Joel Osteen Hoax: Justin Tribble Admits Ruse, Calls Pastor "Too Shallow"

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A lone Minneapolis man behind the Internet hoax targeting televangelist Joel Osteen has been identified, along with his reason for perpetrating the ruse.

That man, Justin Tribble, says he is a “big fan” of Osteen, the pastor of the Lakewood Church in Texas, but calls the pastor’s message “too shallow.”

Joel Osteen Picture

Tribble said of his elaborate scheme to send a message to Joel Osteen:

“There is no doubt about it, his sermons are a lot of self-help platitudes. I want a message to get through to this guy, turn down the clichés and get real.”

He decided to make his point in ethically questionable fashion:

Tribble created a fake site, including a video and complete with a screen grab of CNN’s website declaring, “Pastor of mega church resigns, rejects Christ.”

A Drudge Report headline proclaimed, “Osteen: I am no longer a Christian.”

Tribble made that claim on a bogus domain name, joelostenministries (dot) com - note the small typo - that he bought on GoDaddy (it's now taken down).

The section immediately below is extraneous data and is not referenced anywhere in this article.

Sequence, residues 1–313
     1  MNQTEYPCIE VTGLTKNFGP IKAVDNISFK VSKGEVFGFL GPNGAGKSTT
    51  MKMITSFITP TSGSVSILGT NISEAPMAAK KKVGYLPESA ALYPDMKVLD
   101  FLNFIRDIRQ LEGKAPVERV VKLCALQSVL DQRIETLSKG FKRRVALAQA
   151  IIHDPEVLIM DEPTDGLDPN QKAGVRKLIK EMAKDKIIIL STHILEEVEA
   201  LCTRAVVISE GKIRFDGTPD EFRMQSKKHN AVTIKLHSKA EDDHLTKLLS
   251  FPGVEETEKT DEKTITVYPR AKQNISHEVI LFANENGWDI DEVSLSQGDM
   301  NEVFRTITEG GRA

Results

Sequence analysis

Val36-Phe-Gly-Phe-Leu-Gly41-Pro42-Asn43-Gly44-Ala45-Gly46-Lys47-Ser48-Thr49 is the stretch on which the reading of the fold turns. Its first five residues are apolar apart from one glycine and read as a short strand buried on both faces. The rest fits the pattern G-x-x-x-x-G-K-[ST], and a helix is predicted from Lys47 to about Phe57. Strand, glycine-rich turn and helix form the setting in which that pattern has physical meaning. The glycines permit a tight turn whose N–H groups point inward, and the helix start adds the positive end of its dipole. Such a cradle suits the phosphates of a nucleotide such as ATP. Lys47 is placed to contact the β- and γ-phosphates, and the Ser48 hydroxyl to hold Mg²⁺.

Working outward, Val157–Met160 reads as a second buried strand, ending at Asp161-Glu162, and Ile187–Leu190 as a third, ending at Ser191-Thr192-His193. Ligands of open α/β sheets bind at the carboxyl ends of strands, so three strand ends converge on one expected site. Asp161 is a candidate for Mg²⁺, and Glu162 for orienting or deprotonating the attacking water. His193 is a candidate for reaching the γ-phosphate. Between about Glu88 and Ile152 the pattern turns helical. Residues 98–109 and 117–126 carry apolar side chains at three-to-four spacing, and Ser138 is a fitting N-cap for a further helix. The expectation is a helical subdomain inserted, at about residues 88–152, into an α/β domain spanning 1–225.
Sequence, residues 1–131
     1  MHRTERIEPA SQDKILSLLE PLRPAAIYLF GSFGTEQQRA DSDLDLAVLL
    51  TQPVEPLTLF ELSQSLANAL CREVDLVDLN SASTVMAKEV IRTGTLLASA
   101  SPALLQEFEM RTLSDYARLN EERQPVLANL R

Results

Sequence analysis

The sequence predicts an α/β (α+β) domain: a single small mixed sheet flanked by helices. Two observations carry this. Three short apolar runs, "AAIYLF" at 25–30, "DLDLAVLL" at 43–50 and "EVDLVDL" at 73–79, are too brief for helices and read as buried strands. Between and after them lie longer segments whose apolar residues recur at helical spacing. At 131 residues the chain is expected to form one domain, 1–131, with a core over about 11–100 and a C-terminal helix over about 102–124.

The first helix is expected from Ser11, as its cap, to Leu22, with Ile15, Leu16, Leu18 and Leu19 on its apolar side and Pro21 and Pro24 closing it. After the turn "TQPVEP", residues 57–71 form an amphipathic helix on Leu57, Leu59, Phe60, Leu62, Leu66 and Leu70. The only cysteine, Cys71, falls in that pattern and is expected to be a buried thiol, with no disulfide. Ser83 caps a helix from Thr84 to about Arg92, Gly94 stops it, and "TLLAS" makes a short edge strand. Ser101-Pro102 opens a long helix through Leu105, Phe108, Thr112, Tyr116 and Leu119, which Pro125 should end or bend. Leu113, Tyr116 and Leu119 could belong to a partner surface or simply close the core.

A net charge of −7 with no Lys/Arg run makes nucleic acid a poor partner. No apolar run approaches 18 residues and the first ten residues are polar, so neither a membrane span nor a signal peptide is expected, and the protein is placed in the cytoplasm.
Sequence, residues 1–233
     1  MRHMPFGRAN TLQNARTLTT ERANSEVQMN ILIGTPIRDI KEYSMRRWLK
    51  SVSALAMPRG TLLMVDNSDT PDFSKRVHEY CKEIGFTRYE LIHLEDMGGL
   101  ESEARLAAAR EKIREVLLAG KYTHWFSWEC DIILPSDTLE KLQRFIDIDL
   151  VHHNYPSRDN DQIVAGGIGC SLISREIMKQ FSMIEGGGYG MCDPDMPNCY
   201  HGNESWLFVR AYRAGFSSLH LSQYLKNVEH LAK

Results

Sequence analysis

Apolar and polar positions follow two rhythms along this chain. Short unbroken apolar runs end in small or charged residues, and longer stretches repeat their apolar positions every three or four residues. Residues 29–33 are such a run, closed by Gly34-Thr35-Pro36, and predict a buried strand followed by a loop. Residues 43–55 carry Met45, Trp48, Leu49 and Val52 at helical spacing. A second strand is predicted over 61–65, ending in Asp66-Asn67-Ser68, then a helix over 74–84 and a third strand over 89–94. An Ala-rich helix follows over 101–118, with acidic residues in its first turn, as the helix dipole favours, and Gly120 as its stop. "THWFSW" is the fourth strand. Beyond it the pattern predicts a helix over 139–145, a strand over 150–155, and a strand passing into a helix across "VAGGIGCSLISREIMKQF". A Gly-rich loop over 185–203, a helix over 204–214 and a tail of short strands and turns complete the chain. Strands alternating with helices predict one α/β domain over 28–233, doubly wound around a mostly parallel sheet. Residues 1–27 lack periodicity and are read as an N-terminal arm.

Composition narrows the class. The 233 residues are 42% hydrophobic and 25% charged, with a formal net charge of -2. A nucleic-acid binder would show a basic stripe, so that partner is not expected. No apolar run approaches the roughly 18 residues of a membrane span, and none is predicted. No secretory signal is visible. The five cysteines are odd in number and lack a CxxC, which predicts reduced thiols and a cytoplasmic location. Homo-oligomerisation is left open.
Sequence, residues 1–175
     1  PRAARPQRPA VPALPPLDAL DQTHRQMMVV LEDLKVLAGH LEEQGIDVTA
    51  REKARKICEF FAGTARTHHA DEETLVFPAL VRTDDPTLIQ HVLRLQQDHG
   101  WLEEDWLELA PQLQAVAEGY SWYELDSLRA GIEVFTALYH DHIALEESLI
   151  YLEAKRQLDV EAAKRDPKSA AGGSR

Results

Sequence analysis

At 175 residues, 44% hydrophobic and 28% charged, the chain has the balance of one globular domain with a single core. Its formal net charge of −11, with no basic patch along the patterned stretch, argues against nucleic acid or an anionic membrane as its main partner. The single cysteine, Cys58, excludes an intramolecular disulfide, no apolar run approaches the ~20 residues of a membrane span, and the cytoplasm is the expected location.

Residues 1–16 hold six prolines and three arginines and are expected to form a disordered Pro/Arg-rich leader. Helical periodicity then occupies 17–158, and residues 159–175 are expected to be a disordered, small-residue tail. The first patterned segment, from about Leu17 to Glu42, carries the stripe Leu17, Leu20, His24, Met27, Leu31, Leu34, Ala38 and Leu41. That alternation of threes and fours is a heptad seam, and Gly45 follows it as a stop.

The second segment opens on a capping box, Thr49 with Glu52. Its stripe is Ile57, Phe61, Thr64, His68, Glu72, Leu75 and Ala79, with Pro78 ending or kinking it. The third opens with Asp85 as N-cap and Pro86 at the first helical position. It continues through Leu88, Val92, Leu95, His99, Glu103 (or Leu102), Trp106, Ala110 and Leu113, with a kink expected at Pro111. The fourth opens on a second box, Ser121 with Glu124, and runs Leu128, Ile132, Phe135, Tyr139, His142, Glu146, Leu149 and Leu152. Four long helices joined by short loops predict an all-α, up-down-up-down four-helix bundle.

“I didn’t want to hurt the guy, didn’t want to defame him,” Tribble said. “I’m actually a big fan of Joel Osteen. I like him. I listen to him. I enjoy his sermons.”

“[It was] a way to get through and have a dialogue with someone who is essentially inaccessible,” he said of Osteen, who has since spoken about it.

Osteen told ABC News that he found the whole thing mildly amusing, and did not consider it a hoax, as it was widely reported, but a “media campaign.”

The pastor is “not angry” about this and did not “feel like a victim,” adding, “I feel too blessed ... life is too short to let things like this get you down.”

ABC News’ legal expert Dan Abrams says Tribble is probably not in danger of criminal charges but could still face a possible lawsuit from Osteen.

Osteen, 50, declined to comment further.

Tribble says he is not bothered by a possible backlash from the thousands of supportive strangers who emailed him thinking they were reaching Osteen.

He hopes, however, that Osteen sees the incident as "part of God’s plan" and reaches out. “I think it would be nice to have a conversation with him,” he said.

“Honestly, I wouldn’t mind if he prays over me.”

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